Let your imagination wander as we pretend to visit the little white church
about six miles east of Columbia on Route WW, the extension of East Broadway.
Olivet Christian Church was built 121 years ago by a group of friends who’d
been worshiping under trees in summer and in homes and schools during the
Members donated trees from their woodlots, sawed them into huge beams and
created crude mud sleds for dragging those beams several miles to the building
site. That was in 1874.
A small community called Harg, of which the Olivet Christian Church became the
hub, included a general store with a wonderful old grapevine over the open
porch. The store was also a distribution spot for mail. The neighborhood
smithy beat out horseshoes, sharpened plowshares and kept farm machinery in
Soon after Mom and Dad bought their farm in this community, Mom played the
pump organ for all of the church and community activities -- weddings and
funerals included. In those days, when parents went, the kids went along, and
when children were about half way through grade school they joined church by
professing their faith in Christ and being baptized. My brother joined in
1922, and I joined in 1923. Mom was the pianist at the time of her death. My
brother and I had graduated from college and were taking on leadership
responsibilities in church and community.
After marriage and family, our Nancy and Walt were also active in church and
community. Somewhere along the way, about 1960 I think, I jotted down the
notes that follow, after a typical Sunday worship service:
“In spring, it’s wasps and oat bugs. In summer, it’s women fanning restless
babies. In fall and winter, it’s a balky, smoky furnace and a gale whistling
under the baseboard in the choir corner.
“Today, we stepped over McHarg’s collie dog, which had stretched out on the
rug in the sun at the entrance to the sanctuary. A little late as usual, we
were in time to hear the congregation mispronouncing some Old Testament names
as they read responsively. A busy farm wife led a lively discussion about the
Sunday school lesson until, suddenly, about 50 noisy children came into the
room dropping and picking up their story leaflets. They took their places at
the front and became quiet.
“We sang and prayed and clapped for those who put birthday pennies in the jar
for the Orphan’s Home. Then came announcements, the benediction and then 10
minutes of BEDLAM! Men chatted about hog prices, garden progress and the
chances of rain. One fellow traded a bull calf to his friend for clover seed.
Three women planned the missionary society meeting, and others collected money
for a spray of flowers for a bereaved family. In a similar hubbub, 4-year-old
Walt tugged on my skirt and asked, ‘Isn’t ANYBODY listening?’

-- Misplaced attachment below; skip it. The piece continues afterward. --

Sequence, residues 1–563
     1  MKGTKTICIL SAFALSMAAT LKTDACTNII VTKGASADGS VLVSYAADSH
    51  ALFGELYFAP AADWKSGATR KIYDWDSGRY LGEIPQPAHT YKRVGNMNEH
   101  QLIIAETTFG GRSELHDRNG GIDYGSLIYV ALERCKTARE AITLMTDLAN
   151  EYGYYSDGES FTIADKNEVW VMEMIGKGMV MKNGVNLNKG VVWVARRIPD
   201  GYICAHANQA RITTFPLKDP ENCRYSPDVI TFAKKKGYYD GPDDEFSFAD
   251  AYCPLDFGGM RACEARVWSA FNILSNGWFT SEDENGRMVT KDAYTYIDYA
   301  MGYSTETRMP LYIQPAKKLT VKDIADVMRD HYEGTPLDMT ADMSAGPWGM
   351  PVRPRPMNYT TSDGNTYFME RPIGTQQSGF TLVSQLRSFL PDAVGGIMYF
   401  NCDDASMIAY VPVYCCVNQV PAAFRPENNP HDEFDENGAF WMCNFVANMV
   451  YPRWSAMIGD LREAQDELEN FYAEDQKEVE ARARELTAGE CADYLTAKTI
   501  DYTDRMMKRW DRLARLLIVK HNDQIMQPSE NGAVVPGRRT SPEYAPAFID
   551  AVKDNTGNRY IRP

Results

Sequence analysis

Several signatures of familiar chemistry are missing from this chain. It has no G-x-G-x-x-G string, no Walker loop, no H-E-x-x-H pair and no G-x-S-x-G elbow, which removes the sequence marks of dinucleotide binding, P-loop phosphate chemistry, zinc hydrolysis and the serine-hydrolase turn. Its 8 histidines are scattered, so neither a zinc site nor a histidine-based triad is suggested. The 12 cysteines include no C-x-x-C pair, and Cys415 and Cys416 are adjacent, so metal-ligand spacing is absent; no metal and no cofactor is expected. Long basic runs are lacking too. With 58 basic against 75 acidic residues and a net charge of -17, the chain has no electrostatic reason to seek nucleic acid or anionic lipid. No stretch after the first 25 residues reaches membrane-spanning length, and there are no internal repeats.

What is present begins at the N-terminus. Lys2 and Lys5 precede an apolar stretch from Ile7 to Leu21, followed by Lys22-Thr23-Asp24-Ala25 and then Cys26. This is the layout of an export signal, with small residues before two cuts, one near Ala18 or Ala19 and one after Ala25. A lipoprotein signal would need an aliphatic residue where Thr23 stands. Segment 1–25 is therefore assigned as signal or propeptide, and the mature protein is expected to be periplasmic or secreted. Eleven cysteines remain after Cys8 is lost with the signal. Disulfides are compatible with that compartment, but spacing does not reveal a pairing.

“The organist began the prelude, I took my place in the choir with the other
altos and shifted my chair so I could frown at Nancy or Walt, if needed. The
little children went to the playroom and one neighbor boy, dressed in a new
blue suit with white shirt and tie, sat alone in the front pew. Two smiling
sopranos slipped off their fashionable pointed-toe shoes and were noticeably
shorter as we stood to sing.”
McHarg’s dog roused and sauntered down the aisle as usual and plopped down on
the deep pile rug in front of the communion table. This reminded me of our own
fox terrier who disrupted the service, years ago, when he dashed down the
aisle to the music cabinet and treed a mouse that was inside. Dad rushed after
Fox but the minister said, “No, Mr. Meyers, let the little dog get that
mouse; it’s been destroying our music and Sunday school literature.” Fox did
his thing and trotted triumphantly back down the aisle with the wiggling,
squealing mouse between his jaws. The congregation sat back down, became
quiet, and the minister resumed his sermon as if nothing had happened.
McHarg’s collie yawned and dropped off to sleep. Memories flowed fast: the old
toll house with its chain across the road at the corner of the cemetery, the
horses at their hitching posts east of the church, the ornamental iron fencing
and gates, farmers paying their poll tax with a day’s work with mule teams and
gravel wagons. And so much more!
The clinking of coins in the wicker collection baskets startled me back to the
present. Soon the organist played the chord and we all stood to sing the
doxology. “Praise God from whom all blessings flow.... ” The little boy on
the front row was keeping time with his pants zipper! Down, up, down, up ...
he didn’t miss a beat. There were a few anxious moments until we got the last
“Ho-ly Ghost.” Down, up, down, UP!
I wonder what the preacher had to say this morning?